Some attempts to joke about the scantiness of Power Girl's traditional costume are more eyeroll-inducing than clever, but generally the the dialogue and interaction are entertaining. The story exists mostly to set up the new background and current situation of the heroines, with a villain being introduced on the last page in a cliffhanger that leave the reader feeling like the villain is the one who's really in peril here.

Generally harmless fun.

Rating: 6.5/10

Saturday, January 4, 2014

The Arrival

Here's a graphic novel that I bought quite a while ago when Borders went out of business. I finally got a chance to read it tonight.

Title: The Arrival
Publisher: Arthur A. Levine Books / Scholastic
Date: 2006
Writer: Shaun Tan
Artist: Shaun Tan

In Shaun Tan's graphic novel about immigration, the reader experiences the strangeness of the immigrant's experience by way of a bizarre and alien world, and a wordless story.

The effect is perfect. While there are clear parallels with the historical experiences of the immigrants arriving at Ellis Island in New Jersey in the late 19th and early 20th centuries, Tan makes the destination into a strange and wondrous city that is filled with steampunk-influenced designs and surreal details that fill every page.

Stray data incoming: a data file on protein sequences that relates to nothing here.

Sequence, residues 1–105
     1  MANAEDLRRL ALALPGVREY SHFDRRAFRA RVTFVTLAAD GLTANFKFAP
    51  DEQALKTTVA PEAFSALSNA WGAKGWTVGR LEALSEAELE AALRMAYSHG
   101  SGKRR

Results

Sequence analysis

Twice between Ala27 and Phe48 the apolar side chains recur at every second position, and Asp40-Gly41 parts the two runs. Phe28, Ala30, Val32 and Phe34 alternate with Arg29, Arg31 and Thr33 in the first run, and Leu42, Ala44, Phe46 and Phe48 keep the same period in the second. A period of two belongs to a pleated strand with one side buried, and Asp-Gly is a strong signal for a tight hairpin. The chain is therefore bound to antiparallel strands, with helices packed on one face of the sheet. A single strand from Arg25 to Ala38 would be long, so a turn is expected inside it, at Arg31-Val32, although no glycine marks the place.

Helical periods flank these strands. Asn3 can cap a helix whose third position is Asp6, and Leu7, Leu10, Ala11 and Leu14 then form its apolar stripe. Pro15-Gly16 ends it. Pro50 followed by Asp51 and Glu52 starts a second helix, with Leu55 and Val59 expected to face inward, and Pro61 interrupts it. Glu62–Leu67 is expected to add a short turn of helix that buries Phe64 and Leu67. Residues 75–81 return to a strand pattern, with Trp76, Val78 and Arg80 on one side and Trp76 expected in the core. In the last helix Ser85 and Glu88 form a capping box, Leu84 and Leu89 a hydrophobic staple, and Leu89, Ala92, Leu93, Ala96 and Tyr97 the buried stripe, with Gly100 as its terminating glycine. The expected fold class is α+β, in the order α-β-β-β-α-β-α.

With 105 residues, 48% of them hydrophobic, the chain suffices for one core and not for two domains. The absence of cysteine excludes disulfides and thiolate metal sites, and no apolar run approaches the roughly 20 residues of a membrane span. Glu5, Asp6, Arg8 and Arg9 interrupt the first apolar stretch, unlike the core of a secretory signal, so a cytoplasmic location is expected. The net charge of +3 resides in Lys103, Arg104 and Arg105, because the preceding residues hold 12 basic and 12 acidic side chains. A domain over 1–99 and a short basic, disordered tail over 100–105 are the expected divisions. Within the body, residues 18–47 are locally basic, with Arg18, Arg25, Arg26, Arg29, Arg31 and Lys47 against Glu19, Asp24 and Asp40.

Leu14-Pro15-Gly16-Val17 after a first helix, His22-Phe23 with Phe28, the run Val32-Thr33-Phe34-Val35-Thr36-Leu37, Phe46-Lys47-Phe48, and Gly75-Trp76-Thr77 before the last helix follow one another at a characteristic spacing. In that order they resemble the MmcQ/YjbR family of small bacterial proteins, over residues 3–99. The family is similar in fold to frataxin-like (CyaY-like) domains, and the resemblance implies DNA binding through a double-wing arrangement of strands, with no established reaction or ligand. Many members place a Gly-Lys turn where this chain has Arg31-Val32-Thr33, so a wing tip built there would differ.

The story actually contains the stories of several immigrants who meet up with the main character as he tried to find his way in the alien city. He has left his wife and daughter behind while he goes to look for work, and he meets other migrants who are fleeing war and disaster and poverty in their homes.

Telling the story with no narration or dialogue, Tan takes the time to let the tale breathe. He fills a page with small panels of cloud formations to mark the passage of time on an ocean voyage. He allows his main character to explore his new quarters, and to struggle to be understood in a land where his language is not spoken.

The artwork is breathtaking, and I loved all of the odd details. There is a lot going on here, but the overall story is straightforward and effective.

This was one of the best graphic novels I've read in quite a while.

Rating: 9.5/10

Friday, January 3, 2014

Jurassic Strike Force 5: Special Edition

Here's a book from Free Comic Book Day 2012.